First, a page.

We are in the middle of series of posts exploring the recent obstruction of trade case in Boise, Idaho against St. Luke's Health System.

    Click here for part one of this series.

    Click here for part two of this series.

    Click here for part three of this series.

    One of the most hilarious lines from a hospital executive, especially when they try to say it with a straight face, is that their employed primary care physicians are free to refer patients to whichever specialists they wish, and in fact, their employed specialists are free to put their patients in whatever hospital they want, including the competition.

    OK, that is technically true, but it still causes most rational people to giggle a bit when someone tries to claim in earnest that the employment of physicians does not impact referral and admission patterns.

    Uh, then why did you employ them in the first place?

    One great thing about a federal trial is that a lot of information gets out there and on the record. Judge Winmill's 'Findings of Fact and Conclusions of Law' is a treasure trove.

    A cardiovascular practice was acquired by St. Luke's. Prior to the acquisition, they admitted 1 of every three patients into St. Al's, the other hospital in town. After they were acquired? Zero.

    An orthopedic group had put over half of its patients in St. Al's before it was acquired. After being snatched up by St. Luke's, that number fell to 6%.

    A primary care group did 81% of their imaging at St. Al's before being acquired, and then a whopping 19% after their paychecks said 'St. Luke's' across the top.

    Can we just call a spud a spud?

    Tim Coan

    CEO and founder

    Tim Coan, ALN’s CEO, writes an insightful and witty blog weekly about a variety of topics relevant to independent physician practices.
    March 3, 2014

    Baked Potatoes and Smurf Turf #3

    We are in the middle of series of posts exploring the recent obstruction of trade case in Boise, Idaho against St. Luke's Health System.

    Click here for part one of this series.

    Click here for part two of this series.

    In the last post, we looked at the inappropriate market leverage gained by St. Luke's, even before its acquisition of the Saltzer clinic. Besides the math from the economists and Blue Cross of Idaho, there were plenty of internal communications from both St. Lukes and Saltzer that affirmed that was exactly part of their objective in getting together. But contracting leverage was not the only way the deal would enhance revenue.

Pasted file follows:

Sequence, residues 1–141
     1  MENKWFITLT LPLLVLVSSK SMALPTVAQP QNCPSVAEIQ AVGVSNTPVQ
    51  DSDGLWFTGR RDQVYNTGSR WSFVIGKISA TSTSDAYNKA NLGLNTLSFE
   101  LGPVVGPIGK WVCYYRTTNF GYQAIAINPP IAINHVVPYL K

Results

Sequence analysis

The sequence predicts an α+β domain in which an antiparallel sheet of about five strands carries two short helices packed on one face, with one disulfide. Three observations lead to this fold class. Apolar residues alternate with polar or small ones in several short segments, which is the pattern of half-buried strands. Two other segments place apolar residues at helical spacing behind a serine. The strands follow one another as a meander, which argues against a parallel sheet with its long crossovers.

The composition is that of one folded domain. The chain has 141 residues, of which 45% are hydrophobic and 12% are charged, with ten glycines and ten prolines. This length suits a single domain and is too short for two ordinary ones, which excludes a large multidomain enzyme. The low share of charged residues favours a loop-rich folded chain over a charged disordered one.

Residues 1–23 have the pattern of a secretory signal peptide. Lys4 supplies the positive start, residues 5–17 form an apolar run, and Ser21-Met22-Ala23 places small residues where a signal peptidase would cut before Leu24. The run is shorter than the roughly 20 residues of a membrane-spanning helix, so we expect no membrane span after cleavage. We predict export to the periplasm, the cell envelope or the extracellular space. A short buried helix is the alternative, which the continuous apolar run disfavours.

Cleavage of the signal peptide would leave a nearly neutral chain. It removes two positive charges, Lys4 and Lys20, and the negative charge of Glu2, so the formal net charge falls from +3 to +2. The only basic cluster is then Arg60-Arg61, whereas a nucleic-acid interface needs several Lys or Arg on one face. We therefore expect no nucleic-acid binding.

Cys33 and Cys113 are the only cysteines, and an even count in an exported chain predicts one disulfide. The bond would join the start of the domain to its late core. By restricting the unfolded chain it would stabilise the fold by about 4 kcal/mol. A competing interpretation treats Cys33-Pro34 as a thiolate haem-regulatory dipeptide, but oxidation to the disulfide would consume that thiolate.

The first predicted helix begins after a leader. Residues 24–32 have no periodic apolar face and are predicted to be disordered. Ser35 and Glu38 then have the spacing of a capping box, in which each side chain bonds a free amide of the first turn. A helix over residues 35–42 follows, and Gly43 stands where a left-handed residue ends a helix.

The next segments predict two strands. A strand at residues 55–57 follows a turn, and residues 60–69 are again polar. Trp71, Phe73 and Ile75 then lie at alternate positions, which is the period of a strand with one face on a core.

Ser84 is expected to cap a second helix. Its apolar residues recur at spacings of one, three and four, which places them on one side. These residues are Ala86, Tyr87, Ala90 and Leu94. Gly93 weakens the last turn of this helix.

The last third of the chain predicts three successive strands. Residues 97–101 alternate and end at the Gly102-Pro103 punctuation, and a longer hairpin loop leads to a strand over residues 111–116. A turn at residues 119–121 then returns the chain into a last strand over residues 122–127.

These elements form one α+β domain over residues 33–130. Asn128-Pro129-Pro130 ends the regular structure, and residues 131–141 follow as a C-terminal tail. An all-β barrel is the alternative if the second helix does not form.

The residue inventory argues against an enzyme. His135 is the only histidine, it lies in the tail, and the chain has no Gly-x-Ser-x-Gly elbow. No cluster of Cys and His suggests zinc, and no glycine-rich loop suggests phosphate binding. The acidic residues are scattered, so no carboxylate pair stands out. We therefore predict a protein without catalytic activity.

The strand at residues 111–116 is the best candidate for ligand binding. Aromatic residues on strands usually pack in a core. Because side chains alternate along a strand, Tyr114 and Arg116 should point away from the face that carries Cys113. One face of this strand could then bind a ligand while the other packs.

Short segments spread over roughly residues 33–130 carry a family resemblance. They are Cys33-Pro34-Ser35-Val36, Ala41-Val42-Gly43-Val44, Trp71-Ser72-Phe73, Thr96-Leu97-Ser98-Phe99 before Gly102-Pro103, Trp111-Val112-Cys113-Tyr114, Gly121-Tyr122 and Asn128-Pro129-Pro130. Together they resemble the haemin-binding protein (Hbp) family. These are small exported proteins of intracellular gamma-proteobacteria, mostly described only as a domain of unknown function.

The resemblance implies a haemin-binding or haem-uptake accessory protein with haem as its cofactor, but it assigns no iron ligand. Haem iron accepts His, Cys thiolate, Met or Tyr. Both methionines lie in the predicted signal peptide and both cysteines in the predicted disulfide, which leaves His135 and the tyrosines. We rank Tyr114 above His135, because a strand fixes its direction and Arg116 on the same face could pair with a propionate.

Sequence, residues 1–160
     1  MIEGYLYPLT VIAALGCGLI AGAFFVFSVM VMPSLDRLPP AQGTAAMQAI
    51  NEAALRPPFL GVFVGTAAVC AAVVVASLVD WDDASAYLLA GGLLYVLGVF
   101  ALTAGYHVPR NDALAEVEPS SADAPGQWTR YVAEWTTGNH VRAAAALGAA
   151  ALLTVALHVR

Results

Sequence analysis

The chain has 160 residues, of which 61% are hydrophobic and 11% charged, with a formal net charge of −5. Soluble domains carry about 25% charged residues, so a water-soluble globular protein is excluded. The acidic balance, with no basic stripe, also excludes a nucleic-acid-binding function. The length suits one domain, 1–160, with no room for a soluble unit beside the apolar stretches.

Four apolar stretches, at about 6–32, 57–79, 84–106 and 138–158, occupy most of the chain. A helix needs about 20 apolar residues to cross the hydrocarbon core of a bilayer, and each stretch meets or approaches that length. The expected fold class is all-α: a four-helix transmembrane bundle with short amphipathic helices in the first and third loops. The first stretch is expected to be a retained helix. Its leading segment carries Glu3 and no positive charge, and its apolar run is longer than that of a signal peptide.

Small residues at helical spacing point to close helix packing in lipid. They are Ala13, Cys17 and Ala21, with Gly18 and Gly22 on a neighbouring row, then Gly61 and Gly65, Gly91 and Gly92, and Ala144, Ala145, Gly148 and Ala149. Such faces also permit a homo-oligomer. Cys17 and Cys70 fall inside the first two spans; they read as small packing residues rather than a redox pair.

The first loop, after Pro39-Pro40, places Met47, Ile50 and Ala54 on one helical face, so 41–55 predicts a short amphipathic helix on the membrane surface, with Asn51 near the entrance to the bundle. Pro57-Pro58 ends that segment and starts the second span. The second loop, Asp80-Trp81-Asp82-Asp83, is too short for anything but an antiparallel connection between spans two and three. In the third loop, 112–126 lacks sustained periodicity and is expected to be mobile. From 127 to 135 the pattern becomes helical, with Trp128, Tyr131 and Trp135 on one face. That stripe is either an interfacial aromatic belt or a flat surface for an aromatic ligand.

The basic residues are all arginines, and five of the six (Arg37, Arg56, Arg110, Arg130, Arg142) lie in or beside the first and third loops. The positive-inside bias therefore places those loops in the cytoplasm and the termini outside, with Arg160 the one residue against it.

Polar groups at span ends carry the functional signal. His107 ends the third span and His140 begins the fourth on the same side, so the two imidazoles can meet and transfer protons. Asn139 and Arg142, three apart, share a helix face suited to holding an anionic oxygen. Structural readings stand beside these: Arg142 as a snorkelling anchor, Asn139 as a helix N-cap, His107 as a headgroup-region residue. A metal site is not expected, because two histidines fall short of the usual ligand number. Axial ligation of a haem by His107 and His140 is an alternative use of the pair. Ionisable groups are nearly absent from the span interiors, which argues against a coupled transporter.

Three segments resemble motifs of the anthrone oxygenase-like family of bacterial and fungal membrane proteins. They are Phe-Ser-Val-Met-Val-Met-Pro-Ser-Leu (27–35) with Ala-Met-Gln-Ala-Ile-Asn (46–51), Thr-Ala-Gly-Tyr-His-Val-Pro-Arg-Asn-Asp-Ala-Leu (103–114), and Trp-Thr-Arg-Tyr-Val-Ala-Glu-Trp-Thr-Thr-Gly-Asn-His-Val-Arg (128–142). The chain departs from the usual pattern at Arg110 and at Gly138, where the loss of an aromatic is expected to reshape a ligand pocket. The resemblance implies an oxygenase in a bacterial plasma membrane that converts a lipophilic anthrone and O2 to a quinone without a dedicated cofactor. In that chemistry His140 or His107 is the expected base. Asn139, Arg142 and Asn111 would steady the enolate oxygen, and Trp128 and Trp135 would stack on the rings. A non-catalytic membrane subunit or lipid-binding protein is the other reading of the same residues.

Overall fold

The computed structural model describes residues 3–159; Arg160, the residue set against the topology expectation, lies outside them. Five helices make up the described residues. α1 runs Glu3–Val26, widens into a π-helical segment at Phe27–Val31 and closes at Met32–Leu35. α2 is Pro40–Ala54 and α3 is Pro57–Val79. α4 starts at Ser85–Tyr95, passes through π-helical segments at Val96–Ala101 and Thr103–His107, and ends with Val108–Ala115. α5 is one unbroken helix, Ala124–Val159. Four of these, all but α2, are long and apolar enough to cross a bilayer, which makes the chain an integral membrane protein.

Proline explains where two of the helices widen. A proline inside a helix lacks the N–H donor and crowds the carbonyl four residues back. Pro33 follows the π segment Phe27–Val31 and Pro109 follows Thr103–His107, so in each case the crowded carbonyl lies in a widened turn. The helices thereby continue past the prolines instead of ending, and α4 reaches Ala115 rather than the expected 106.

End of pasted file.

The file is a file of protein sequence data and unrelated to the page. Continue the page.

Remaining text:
Another was our old friend, 'hospital-based' billing.

    If you are regular reader of this space, you may know we have been railing on this very dumb thing for years. Once a physician practice is acquired by a hospital, costs go up because routine services such as lab and x-ray that used to be billed at a lower ambulatory rate and now are now billed at the much higher hospital rate. This is true for government payers as well as commercial ones.

    Now we have an esteemed federal judge on record agreeing with us and saying he also thinks this wrinkle has problems. Can we please get someone in Congress to read the 'Findings of Fact and Conclusions of Law' from this case?

    Judge Winmill cites the Berkely Forum Study as stating the cost for physician services go up because of hospital-based billing, but he did not even need that source. St. Luke’s own analysis of the Saltzer acquisition had already concluded the same thing, with their own consultant projecting a revenue increase of $750,000 from lab billing and another $900,000 from diagnostic imaging.

    Sounds like a $1.65 million increase in the cost of healthcare in Nampa, Idaho for the exact same services.

    Coincidently, there are about 1.6 million people that live in Idaho. So, consider that a $1 per person tax for something that does not even pretend to deliver any benefit to the people. Just one way to look at it.